You are the Ground of all being
the Well-Spring of time
Womb of the earth
the Seed-Force of stars.
And so at the opening of this day
we wait
not for blessings from afar but for You
the very Soil of our soul
the early Freshness of morning
the first Breath of day.


God lifts up those who are bowed down.
(Psalm 146:8)


Whoever wishes to be great among you
must be a servant among you.
(Matthew 20:26)


Be Still and Aware

From Praying with the Earth, by John Philip Newell

From Rev. Rachel Pacheco

Dear Friends,

Join us this Sunday, September 20th, for online worship at 10:00am. I (Pastor Rachel) am preaching about Bartimaeus, a man on the side of the road on the outskirts of Jericho.

This week’s music features the New York Avenue Sanctuary Choir appearing virtually in the famous Renaissance motet, “If Ye Love Me” by Thomas Tallis. The words are from the Gospel of John, where Jesus talks to his disciples and says that God will send the Holy Spirit to be with them. Text Summary: “If ye love me, keep my commandments, and I will pray the Father…and the Comforter (Holy Spirit) will abide with you forever in truth.”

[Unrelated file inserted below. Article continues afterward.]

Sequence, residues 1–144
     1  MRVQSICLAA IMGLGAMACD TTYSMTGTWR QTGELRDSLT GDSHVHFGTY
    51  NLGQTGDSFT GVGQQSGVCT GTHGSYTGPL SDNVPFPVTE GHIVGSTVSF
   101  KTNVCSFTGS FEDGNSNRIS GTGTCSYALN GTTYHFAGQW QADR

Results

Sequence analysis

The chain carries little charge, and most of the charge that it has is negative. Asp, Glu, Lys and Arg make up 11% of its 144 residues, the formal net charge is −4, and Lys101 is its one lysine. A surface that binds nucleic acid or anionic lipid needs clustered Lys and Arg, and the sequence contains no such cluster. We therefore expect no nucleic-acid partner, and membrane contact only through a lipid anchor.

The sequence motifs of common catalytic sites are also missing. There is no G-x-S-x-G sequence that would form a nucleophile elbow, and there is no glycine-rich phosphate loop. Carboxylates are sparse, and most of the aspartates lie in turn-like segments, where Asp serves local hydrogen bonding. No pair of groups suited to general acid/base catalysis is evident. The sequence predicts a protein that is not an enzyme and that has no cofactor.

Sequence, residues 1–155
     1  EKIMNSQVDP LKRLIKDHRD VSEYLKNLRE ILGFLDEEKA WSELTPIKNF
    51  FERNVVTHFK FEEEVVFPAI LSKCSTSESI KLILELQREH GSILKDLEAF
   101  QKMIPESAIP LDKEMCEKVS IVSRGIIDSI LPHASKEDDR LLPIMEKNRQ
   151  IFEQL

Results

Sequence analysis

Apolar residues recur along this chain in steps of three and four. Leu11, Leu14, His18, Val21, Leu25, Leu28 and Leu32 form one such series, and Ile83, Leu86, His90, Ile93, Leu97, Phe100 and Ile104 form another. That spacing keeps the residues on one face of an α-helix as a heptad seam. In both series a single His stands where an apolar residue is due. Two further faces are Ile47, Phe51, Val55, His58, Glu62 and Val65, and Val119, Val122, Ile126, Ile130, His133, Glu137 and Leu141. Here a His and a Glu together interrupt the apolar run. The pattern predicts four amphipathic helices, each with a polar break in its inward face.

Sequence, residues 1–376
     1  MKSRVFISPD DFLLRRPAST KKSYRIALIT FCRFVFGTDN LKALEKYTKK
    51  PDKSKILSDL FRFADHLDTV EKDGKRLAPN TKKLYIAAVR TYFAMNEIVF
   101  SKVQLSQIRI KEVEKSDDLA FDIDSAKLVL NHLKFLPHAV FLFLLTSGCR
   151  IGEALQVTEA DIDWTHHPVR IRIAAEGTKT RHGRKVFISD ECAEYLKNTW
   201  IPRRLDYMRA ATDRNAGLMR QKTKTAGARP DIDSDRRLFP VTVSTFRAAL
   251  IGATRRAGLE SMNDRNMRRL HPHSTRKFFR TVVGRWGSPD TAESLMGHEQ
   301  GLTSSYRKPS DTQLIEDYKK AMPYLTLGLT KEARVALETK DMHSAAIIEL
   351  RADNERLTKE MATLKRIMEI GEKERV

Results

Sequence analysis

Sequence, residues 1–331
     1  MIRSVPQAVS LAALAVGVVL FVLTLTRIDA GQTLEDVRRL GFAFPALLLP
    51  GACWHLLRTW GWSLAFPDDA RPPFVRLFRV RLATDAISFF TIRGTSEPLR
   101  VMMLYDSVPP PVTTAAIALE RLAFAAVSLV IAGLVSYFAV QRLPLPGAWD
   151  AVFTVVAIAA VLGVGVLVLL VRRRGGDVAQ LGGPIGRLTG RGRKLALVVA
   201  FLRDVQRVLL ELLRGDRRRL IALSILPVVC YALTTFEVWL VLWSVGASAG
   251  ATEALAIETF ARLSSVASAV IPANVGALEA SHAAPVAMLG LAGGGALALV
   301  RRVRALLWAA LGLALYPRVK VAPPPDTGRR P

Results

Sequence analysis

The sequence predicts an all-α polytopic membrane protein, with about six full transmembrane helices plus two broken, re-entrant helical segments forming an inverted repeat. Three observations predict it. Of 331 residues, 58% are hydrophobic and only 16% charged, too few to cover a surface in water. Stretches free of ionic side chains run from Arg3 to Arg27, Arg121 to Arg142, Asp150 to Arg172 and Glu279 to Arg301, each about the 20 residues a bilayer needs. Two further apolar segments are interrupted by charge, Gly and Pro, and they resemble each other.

Join us for 10:00am Sunday Worship here
Dial-in: 1-929-436-2866 Meeting ID: 150 620 342

Sunday School classes for pre-K and 2nd graders will be at 9:15am, and classes for middle and high school students will be at 11:30am, all via Zoom. You can register until just before the class, but registering now is helpful for planning purposes. Registration links are listed below.

As we enter this weekend, anticipating Karenna Gore’s conversation about climate change tomorrow, here is a poem by Langston Hughes.

“The Negro Speaks of Rivers” by Langston Hughes

I’ve known rivers:
I’ve known rivers ancient as the world and older
than the flow of human blood in human veins.

My soul has grown deep like the rivers.

I bathed in the Euphrates when dawns were young.
I built my hut near the Congo and it lulled me to sleep.
I looked upon the Nile and raised the pyramids above it.
I heard the singing of the Mississippi when Abe Lincoln
went down to New Orleans, and I’ve seen its muddy
bosom turn all golden in the sunset.

I’ve known rivers:
Ancient, dusky rivers.

My soul has grown deep like the rivers.


What’s Going On with NYAPC’s Tenants?

By Hal Hiemstra

It’s been six months since our congregation began social distancing and worshiping online.  During that same time period, The New York Avenue Presbyterian Church’s many tenants have also had to drastically alter their own programs and revise their ways of operating.